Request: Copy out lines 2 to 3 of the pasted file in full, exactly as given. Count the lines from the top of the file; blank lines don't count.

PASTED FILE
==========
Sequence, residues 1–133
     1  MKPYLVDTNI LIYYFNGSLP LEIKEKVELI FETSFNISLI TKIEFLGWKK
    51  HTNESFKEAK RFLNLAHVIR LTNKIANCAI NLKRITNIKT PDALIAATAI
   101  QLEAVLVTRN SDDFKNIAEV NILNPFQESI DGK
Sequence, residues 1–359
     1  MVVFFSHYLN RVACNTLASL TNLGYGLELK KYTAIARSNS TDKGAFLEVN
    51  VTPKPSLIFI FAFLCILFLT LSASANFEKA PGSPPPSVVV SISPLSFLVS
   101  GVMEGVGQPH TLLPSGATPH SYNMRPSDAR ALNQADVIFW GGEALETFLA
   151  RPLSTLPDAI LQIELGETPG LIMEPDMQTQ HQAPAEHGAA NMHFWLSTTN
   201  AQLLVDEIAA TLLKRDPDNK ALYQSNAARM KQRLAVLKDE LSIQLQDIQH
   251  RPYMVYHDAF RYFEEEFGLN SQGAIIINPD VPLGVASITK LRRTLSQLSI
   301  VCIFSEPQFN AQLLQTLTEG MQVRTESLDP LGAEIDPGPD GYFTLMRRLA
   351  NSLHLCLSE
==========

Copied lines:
     1  MKPYLVDTNI LIYYFNGSLP LEIKEKVELI FETSFNISLI TKIEFLGWKK
    51  HTNESFKEAK RFLNLAHVIR LTNKIANCAI NLKRITNIKT PDALIAATAI